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For outdoors enthusiasts, it's a winter of discontent

Low snowfall spoiling traditional pasttimes

CHICAGO -- The snowshoes are in the closet, ice fishermen are lingering at the sides of slushy lakes, and at least one snow-sculpting event was literally a washout.

Unseasonably warm weather and a lack of snow in parts of the country usually covered in white at this time of year have wreaked havoc with winter recreation events.

Temperatures as high as 50 degrees around Chicago -- where in January it is usually closer to 30 -- forced the postponement of Fran Volz's popular Snow Visions sculpting contest in suburban Schaumburg this coming weekend. He rescheduled for Feb. 11.

''When we were shooting the snow gun, all that came down was water," Volz said. ''We just had water all over the parking lot."

Organizers of the Yukon Quest International Sled Dog Race in Alaska and Canada may have to send the race participants on a detour or give them a lift by truck for the third time in the event's 23-year history.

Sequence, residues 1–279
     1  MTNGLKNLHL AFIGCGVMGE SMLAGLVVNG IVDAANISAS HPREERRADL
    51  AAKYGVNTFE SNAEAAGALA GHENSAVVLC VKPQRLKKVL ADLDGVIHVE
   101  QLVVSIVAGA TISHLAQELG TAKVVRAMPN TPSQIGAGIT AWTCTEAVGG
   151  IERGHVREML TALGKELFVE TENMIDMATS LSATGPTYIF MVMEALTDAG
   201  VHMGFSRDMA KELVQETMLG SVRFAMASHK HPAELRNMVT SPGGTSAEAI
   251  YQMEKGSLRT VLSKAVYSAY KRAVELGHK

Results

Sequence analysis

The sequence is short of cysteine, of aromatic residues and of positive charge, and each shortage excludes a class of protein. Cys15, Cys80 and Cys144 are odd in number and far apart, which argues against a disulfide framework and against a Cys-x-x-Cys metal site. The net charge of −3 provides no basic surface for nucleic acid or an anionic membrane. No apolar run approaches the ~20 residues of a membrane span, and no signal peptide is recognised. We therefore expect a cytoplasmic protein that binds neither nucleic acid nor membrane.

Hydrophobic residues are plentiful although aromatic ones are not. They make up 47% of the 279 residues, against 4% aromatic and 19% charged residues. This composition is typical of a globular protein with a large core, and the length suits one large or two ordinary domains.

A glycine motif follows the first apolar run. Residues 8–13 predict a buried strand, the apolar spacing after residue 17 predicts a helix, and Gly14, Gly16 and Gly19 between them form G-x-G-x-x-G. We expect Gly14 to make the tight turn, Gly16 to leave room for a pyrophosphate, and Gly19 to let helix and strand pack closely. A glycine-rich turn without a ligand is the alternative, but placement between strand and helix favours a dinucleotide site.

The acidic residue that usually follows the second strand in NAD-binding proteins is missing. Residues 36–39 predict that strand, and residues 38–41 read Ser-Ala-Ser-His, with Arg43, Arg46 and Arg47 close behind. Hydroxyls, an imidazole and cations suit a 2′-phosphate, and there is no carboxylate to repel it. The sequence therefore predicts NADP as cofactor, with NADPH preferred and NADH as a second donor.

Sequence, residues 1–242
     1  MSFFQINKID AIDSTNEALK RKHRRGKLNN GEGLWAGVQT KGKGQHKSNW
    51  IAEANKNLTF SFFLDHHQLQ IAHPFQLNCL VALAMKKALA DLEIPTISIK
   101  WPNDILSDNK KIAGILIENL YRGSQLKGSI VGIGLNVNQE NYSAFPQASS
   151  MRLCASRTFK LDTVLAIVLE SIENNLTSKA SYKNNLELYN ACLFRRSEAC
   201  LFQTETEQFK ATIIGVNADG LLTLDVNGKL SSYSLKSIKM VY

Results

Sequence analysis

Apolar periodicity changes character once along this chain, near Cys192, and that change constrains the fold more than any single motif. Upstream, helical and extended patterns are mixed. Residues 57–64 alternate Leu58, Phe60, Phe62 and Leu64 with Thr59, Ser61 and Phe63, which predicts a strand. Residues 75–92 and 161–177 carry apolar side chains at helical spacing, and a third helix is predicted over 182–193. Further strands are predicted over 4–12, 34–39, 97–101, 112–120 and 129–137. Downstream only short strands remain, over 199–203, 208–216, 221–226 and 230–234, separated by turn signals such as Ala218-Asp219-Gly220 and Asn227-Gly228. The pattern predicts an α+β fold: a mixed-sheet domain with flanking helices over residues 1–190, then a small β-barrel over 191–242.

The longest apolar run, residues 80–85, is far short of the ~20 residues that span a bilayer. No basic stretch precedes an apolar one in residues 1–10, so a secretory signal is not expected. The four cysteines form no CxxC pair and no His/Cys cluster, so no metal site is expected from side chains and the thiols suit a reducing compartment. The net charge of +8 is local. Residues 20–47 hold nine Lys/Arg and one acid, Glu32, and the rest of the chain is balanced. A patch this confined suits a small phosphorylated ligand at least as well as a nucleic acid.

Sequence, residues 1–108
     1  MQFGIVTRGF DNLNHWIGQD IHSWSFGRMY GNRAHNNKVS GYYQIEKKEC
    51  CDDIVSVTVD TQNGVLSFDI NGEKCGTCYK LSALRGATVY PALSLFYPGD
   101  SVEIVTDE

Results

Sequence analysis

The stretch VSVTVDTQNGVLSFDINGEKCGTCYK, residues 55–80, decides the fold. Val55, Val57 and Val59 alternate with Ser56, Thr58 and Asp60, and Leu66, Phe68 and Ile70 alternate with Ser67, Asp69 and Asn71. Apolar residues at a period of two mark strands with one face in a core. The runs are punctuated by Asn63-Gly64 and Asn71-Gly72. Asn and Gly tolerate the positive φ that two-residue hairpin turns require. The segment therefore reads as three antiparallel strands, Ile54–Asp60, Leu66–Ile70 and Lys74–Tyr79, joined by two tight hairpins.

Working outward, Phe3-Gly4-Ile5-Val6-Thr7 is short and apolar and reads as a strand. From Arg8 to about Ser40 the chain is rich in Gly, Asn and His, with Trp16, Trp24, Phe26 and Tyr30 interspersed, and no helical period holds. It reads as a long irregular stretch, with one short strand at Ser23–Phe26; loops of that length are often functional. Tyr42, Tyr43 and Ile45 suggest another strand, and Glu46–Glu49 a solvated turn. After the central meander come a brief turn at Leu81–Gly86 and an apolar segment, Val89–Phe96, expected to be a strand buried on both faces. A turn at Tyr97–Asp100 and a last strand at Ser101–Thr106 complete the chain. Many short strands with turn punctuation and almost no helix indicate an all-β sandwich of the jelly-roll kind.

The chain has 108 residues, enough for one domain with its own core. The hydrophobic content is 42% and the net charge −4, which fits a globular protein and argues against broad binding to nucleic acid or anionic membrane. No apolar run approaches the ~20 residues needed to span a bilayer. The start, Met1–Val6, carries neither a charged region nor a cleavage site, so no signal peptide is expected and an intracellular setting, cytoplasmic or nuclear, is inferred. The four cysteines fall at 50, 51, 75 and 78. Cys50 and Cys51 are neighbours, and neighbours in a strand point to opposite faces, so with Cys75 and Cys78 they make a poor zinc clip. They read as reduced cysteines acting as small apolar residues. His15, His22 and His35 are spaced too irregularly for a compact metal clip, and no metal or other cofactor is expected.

''There's definitely not as much snow as we would like for the race," said media coordinator Jennifer Gavin. The 1,000-mile race runs from Fairbanks, Alaska, to Whitehorse, Yukon.

The weather is also putting a damper on winter sports in the Northern Plains, where temperatures have been 15 to 20 degrees above normal for at least the past two weeks.

''The fishermen are all bummed out," said Steve Crandall, manager at Turtle River State Park in Arvilla, N.D. Ice fishermen have not been able to drive their trucks on the ice safely or build ice houses.

The cold season got off to a robust start, but because of the warm weather lately, the snow hasn't stuck around.

Forecasters are not expecting conditions to change any time soon.

But despite the lack of snow for sledding and skiing, Crandall said his North Dakota park is seeing more people than usual, drawn by the relatively balmy weather.

''Low 20s, early 30s feels pretty darn good when the sun's shining," Crandall said.

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